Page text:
A recent sale at Christie’s of New York, titled: “A Trumbauer Estate on The Philadelphia Main Line,” saw an Italian Giltwood table sell for $116,500 (£70,300) against an upper estimate of $60,000 (£36,000.) Several antique chests (called commodes) also realised high prices, one fine marquetry example achieving $35,000 (£21,100).
To collectors in Lancashire, antique chests and commodes appear to be very much the same thing. So what, exactly, is the difference between the two? And how does it affect the value at auction?
At a provincial auction in Cumbria, a single Victorian balloon back dining chair will probably be of more interest than the commode standing next to it, since for many people the word has slightly unsavoury connotations. Indeed, by the Victorian period many commodes were being used to house chamber pots; from these, the purpose-built item of “toilet furniture” evolved. However, the word, which derives from the French for “accommodating” or “convenient,” was originally applied to any low unglazed cabinet or chest-of drawers, which had both a decorative and functional use. All the commodes at the Christie’s sale were of 18th century European origin – and none housed a chamber pot!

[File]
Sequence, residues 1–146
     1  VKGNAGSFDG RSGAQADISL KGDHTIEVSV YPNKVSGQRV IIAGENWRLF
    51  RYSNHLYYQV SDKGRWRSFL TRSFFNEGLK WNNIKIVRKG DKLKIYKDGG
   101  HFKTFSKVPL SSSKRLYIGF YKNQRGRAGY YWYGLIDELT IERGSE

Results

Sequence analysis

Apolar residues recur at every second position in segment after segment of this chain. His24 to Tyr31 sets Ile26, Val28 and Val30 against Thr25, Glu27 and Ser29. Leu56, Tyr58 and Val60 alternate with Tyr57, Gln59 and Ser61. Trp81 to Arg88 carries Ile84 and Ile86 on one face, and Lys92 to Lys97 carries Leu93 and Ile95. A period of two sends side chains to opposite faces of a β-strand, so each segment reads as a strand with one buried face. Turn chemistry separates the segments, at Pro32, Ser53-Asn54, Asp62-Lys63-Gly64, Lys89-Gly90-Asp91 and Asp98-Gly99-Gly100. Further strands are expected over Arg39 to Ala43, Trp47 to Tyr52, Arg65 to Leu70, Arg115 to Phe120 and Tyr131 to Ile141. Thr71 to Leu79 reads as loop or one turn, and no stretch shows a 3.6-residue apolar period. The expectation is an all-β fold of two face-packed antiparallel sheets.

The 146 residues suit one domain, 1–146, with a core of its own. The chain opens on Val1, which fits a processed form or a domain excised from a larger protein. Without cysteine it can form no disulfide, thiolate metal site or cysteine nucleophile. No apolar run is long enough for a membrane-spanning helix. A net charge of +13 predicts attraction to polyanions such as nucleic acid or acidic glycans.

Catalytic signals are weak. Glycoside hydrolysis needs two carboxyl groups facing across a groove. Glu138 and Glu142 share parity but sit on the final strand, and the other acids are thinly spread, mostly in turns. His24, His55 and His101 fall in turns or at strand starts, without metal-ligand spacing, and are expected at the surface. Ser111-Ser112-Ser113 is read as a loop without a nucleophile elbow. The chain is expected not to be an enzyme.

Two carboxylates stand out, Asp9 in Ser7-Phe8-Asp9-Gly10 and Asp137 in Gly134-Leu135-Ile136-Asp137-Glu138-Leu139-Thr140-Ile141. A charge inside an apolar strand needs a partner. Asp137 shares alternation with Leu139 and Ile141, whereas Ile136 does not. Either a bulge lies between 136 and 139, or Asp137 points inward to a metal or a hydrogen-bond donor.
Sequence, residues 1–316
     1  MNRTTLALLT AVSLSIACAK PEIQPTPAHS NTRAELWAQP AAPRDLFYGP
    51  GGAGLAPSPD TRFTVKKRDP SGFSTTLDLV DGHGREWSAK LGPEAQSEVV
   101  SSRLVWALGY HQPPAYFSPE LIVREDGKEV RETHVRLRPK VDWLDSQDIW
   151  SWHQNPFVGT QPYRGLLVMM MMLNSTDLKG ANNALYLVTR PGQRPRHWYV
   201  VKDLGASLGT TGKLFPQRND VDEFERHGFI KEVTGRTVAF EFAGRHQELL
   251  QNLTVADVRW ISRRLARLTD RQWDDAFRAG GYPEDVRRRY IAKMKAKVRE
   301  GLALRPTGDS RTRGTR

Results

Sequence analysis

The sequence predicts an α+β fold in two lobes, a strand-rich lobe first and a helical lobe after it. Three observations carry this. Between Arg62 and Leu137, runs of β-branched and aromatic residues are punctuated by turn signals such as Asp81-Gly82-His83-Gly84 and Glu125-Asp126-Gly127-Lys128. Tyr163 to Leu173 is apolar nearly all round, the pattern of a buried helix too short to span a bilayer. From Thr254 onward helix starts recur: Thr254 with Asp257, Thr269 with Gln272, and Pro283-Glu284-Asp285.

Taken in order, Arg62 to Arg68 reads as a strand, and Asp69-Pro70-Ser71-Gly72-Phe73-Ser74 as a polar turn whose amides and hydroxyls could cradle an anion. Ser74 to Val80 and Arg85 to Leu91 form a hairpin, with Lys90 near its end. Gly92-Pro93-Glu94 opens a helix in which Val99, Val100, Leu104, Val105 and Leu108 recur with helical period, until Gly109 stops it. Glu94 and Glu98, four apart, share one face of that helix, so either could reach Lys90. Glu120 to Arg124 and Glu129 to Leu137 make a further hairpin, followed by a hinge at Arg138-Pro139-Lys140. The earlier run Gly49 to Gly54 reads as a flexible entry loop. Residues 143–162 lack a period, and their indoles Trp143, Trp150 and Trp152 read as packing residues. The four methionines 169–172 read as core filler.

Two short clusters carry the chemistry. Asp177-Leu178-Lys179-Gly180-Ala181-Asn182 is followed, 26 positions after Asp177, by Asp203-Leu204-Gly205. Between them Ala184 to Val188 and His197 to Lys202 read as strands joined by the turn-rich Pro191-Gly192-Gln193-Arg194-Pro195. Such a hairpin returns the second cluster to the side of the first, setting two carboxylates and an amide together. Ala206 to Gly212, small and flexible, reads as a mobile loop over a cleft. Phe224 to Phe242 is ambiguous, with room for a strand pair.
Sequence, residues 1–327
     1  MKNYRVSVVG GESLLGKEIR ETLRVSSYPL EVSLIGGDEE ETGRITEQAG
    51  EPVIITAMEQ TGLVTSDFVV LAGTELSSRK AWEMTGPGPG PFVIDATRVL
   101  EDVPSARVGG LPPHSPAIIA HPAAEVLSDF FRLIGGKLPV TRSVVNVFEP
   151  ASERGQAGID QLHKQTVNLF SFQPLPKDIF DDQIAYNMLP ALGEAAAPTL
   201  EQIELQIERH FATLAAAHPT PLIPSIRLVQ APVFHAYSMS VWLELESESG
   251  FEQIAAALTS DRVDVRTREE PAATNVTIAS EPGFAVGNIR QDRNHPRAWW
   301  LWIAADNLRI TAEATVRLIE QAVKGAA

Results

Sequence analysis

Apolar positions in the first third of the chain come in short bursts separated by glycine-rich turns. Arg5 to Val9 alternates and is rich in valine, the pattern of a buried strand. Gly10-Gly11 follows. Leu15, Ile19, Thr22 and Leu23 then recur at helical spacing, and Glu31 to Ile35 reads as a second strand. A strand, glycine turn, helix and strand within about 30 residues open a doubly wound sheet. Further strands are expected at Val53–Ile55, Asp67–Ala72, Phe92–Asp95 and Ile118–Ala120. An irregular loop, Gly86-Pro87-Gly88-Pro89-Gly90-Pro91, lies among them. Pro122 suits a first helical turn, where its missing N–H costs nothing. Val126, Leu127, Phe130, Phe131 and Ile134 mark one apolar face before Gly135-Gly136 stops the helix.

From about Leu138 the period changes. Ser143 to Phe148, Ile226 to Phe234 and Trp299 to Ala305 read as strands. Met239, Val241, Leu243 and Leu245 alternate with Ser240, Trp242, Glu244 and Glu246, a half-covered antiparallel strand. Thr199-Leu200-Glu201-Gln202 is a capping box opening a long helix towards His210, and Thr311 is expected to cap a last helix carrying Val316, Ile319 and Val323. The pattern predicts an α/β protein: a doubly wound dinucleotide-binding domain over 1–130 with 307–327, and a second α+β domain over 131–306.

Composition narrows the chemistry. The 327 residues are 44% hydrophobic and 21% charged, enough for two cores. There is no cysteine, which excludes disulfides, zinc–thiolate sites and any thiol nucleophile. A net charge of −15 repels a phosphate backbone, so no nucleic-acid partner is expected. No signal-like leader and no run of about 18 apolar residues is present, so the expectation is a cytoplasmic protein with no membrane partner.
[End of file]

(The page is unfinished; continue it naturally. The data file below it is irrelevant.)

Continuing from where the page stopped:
If you have an antique chest-of-drawers in your Cumbrian home, no more than waist height and of French Rococo (or Rococo Revival) design, then it’s safe to assume it’s a commode. In an auction catalogue, it may well attract attention, though a plainer antique chest-of-drawers, with good provenance, may still sell for more.
If you need advice on buying or selling antique chests, a good Preston antique dealer can help.